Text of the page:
China’s human flesh search engines

While China’s human flesh search engines can help reveal government corruption they can also be used to humiliate ordinary citizens, writes Judith Bruhn.

Human flesh search engines, a literal translation from the Chinese, are internet searches by people for people. In online forums or bulletin boards, netizens search for and share information to identify an individual, their whereabouts, personal and contact details. Most cases are people looking for lost relatives or friends. For example “Brother Sharp”, a confused homeless man, was reunited with his family after people posted pictures of him online.

However, the most famous cases are those of enraged netizens seeking out people of objectionable morality who they perceive as deserving censure. One of the best known examples is a video that emerged in 2006 of a woman kicking a kitten to death in her stilettos while a friend filmed her. Chinese netizens were disgusted and started to search for her online. Within six days she was identified as the pharmacist Wang Yu from Heilongjiang province. The cameraman was likewise identified as Li Yongjun, employed by a local TV station. Local authorities announced an investigation into the case but since China does not have animal welfare laws they were not charged. Li Yonjun, however, apologised publically. Both Wang Yu and Li Yongjun lost their jobs as a result of the human flesh search.

Human flesh searches can serve to aid the detection of corruption and social injustice. The case of Zhou Jiugeng, former director of the Property Bureau in the Jiangning district of Nanjing, is a prime example of this. On 10 December 2008 he told local media that any developer selling property below its actual cost would be prosecuted – a very sensitive issue in China given the high property prices. A day later a post entitled “Eight Questions to Property Bureau Chief Zhou” appeared, and triggered a wave of human flesh searches for Zhou. Netizens discovered a photo of him with an expensive brand of cigarettes costing £15 per pack. Several other posts followed, showing Zhou wearing a Vacheron-Constantin watch worth about £10,000 and driving a Cadillac. Given the modest wages of state officials, accusations of corruption followed. On 29 December 2008 he was dismissed from office and in February 2009 a formal investigation for bribery and gross violation of party discipline began. In October 2009, he was sentenced to 11 years for taking more than RMB 1 million (over £100,00) in bribes.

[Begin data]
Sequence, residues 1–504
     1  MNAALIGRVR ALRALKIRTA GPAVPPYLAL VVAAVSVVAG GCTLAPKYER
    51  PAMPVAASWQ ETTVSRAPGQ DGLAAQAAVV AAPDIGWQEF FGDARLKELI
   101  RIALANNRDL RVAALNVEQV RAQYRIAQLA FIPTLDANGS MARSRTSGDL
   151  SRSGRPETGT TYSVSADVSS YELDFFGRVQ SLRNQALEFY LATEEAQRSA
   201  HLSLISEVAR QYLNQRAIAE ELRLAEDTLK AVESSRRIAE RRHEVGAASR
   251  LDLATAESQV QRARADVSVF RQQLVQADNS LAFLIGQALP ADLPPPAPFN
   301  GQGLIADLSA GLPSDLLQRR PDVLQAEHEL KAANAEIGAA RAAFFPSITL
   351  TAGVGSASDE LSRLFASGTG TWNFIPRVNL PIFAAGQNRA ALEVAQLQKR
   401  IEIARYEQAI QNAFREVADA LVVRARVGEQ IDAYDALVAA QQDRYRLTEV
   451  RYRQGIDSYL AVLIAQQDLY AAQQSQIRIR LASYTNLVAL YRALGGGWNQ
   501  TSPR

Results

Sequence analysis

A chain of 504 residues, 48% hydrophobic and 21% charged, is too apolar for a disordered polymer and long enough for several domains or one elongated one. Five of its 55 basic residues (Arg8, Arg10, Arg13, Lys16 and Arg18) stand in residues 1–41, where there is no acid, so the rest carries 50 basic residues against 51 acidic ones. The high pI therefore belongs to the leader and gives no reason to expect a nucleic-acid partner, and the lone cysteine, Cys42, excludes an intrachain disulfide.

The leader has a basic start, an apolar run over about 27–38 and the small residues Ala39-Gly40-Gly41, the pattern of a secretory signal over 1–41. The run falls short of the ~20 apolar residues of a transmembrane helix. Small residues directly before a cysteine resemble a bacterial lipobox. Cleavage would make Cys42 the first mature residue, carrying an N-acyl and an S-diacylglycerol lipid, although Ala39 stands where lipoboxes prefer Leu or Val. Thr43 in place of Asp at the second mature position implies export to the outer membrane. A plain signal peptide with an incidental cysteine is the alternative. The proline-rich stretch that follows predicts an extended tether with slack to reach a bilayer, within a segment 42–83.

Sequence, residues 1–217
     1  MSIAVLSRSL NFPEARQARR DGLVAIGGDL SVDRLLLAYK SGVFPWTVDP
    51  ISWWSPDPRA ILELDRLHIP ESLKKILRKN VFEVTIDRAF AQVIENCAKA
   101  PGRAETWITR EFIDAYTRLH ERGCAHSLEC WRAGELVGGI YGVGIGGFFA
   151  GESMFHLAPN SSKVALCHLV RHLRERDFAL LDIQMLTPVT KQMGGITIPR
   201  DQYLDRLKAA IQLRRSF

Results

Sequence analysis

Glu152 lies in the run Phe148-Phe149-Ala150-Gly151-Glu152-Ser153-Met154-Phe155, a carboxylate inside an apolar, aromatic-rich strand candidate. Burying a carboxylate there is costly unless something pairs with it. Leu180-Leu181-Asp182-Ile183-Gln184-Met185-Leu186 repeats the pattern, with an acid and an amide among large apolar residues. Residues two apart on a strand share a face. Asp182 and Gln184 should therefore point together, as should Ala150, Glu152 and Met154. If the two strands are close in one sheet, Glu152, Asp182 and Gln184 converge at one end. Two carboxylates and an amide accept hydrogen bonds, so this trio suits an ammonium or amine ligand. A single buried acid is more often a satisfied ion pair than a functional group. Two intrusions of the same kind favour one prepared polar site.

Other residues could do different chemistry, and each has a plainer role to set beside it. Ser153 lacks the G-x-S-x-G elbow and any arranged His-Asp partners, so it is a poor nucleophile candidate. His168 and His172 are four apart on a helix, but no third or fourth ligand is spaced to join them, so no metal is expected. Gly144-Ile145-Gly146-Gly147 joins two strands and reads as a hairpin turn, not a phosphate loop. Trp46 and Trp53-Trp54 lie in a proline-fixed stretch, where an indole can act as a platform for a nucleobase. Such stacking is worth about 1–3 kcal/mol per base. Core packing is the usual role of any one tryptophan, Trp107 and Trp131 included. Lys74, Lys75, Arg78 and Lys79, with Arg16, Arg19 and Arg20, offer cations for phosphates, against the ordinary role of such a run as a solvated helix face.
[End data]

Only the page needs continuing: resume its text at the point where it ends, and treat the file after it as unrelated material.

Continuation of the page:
Chinese human flesh search engines are examples of netizen vigilantism. Even though this sometimes turns against party officials, the Chinese Communist Party seems to encourage this behaviour as it helps to weed out specific cases of corruption. As Rebecca MacKinnon points out, there is a strong tradition in China of setting the masses on local officials to fight corruption. In the Mao era this was very common practice. The New York Times even refers to human flesh searches as “Red Guards 2.0“. During the Cultural Revolution the Red Guards, young Chinese, rose up to “turn China red”, destroy the old and bourgeois elements in society. They often turned on their neighbours, teachers and even family in a brutal campaign against “bad class elements”. This is an interesting, if not entirely appropriate, comparison, drawing parallels between the Cultural Revolution’s struggle against people out of a complex variety of reasons and today’s online-initiated search for individuals, which has real-life consequences.

There is, however, a clear difference between the Red Guards and human flesh search engines; the former often knew the individuals they accused, violently attacked and sometimes killed them; the latter are usually searching for offending but personally unknown individuals and then possibly take online action, using words rather than physical assault. Private netizens initiate these searches out of their personal conviction, while the Red Guard movement was politically motivated and strongly backed by the government and Mao Tsetung. Yet, there are certain similarities, such as the feeling of responsibility towards society, the wish to fight injustice and corruption, especially in the case of party officials. However, another similarity is the uncontrolled group-dynamic of this online rage, which can lead to harassment of individuals who might not deserve such treatment.